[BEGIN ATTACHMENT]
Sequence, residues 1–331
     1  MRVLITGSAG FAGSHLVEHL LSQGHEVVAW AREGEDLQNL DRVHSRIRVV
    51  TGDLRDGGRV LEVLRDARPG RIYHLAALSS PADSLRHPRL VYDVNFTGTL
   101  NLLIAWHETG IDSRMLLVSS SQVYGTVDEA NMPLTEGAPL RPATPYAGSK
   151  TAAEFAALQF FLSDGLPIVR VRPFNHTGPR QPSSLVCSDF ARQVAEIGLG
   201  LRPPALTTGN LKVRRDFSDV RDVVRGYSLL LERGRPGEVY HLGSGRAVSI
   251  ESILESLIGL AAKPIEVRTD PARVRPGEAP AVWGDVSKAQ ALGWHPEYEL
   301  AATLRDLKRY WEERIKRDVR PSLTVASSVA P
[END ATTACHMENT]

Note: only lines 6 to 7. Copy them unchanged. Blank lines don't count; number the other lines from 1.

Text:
   201  LRPPALTTGN LKVRRDFSDV RDVVRGYSLL LERGRPGEVY HLGSGRAVSI
   251  ESILESLIGL AAKPIEVRTD PARVRPGEAP AVWGDVSKAQ ALGWHPEYEL